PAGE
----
A time that feels long ago but really isn’t, I am sitting on the back of a motorcycle with my white knuckles digging into the driver. I'm yelling "faster!" over the motor and into his ear. I remember that at the time I can’t tell if he is scared too, but I know as he turns around to give me a thumbs up my grip is going to tighten.
The same time that I am picturing also includes an early morning along the canal with fishing poles sitting idly as the morning haze burns off. A time when none of us had jobs or furniture that matched and we lived with camping chairs and ate spider dogs by open fire. What people called getting by was what we thought of as living the life.
On the beaches of Tampa that time is coming back. The scene is playing out like a modern day Normandy and the soldiers coming at me are crispy 20-somethings invading the coastal battlefield. They are armed with surf boards and protected by ray bans; barefoot as they trample through the sand you want to join them, you want to learn from them and be taken prison in this lifestyle.
I lie across the sand while I take lessons from these warriors as they teach me to not agonize over life’s left turns. Here, Robert Frost has been taken literal and they are living his words. I can not stress where I am going or where I should plan to go because the pressing matters revolve around tan lines and the threat of raccoon eyes.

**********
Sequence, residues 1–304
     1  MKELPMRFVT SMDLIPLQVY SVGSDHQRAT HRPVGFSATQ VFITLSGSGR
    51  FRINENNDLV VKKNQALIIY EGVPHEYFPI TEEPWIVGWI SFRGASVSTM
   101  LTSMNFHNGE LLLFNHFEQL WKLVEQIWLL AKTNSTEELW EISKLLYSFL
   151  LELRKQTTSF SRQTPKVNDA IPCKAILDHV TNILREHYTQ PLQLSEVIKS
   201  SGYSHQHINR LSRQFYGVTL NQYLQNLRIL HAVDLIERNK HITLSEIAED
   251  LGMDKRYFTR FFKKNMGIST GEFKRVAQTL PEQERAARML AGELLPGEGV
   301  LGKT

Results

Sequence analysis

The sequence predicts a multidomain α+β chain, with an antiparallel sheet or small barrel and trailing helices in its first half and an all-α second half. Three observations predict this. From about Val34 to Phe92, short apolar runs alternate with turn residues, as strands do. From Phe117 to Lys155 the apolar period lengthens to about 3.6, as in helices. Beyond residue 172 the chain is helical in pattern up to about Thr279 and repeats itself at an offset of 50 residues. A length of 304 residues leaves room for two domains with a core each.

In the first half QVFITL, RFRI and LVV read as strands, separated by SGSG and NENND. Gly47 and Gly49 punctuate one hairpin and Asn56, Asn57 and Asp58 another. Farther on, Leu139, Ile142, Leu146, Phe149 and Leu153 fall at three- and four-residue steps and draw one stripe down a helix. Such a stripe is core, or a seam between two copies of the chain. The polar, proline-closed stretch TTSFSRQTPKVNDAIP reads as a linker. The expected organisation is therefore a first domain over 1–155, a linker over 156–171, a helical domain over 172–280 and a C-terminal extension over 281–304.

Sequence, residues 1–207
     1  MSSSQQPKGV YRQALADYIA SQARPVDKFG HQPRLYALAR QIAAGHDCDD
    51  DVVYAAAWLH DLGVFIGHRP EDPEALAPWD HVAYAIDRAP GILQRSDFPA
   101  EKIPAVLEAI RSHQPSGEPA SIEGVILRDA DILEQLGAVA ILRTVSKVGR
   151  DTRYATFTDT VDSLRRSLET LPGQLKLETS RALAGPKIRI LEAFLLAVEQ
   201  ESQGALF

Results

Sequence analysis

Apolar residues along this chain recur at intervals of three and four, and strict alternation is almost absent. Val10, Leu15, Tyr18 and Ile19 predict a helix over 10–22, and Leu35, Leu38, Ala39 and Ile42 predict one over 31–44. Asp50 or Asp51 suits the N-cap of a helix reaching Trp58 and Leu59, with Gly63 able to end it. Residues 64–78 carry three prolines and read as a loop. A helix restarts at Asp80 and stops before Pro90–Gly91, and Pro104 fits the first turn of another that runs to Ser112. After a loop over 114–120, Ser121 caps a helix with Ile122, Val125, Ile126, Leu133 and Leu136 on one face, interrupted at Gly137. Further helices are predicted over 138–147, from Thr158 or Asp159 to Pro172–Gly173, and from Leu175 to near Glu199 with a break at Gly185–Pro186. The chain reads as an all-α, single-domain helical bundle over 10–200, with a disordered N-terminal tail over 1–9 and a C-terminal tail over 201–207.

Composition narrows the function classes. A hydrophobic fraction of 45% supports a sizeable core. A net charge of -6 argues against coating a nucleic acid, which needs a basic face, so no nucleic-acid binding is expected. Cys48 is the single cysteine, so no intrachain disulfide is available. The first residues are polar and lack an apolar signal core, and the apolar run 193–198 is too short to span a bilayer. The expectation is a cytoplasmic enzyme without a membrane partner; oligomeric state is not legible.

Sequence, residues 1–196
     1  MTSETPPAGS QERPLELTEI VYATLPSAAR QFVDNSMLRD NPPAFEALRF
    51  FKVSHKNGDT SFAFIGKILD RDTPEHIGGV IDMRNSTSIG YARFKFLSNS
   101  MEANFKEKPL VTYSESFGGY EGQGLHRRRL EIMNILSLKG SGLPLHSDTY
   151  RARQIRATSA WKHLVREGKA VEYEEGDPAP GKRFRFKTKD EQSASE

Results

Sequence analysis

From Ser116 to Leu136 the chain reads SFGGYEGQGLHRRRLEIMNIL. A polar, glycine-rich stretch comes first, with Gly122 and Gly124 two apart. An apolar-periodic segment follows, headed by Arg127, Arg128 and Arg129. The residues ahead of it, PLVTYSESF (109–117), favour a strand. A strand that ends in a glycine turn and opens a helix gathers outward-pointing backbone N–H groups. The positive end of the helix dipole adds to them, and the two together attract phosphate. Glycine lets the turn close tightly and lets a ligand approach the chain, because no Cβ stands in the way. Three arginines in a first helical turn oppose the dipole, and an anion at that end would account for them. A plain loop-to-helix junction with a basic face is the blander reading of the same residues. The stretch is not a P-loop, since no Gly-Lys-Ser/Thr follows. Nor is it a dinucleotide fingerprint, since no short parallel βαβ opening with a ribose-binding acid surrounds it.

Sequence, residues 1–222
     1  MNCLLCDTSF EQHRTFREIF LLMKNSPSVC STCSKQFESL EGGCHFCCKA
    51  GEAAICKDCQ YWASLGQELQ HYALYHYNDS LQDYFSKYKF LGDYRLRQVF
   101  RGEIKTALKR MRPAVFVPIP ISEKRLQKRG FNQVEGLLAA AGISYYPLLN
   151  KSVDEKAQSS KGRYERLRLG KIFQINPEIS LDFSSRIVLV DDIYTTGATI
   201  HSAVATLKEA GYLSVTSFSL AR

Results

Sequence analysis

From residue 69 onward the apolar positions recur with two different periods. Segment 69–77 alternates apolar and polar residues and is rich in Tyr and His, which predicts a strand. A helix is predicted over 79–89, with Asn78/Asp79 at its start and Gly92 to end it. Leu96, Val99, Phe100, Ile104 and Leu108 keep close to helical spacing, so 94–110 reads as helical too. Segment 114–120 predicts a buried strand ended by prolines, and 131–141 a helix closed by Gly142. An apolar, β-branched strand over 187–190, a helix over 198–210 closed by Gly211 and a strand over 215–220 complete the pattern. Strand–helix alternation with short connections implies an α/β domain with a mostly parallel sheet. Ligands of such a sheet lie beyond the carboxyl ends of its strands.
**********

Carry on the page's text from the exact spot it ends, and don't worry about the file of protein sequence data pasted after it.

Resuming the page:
There are no questions about where you belong when the most calm and clear waters are beckoning you. Saying no is not an option and after just a few hours you learn the sun is infectious. The attitudes are that of people nestled not crammed between hundreds of your soon-to-be best friends, all applying tanning oil instead of SPF50. And so I don't feel so out of place when I wish aloud for UV rays to work faster.
The heat isn't how I remember it last summer, all the complaints I owned so righteously have turned into one long smile across my now sun-kissed face. I find myself embracing the thick heavy air as I step outside, sucking the humidity deep into my lungs.
That same feeling, which again doesn’t feel so far away, hits as beads of sweat form on my forehead while I sip coffee on the steps: this is how it always is or has been.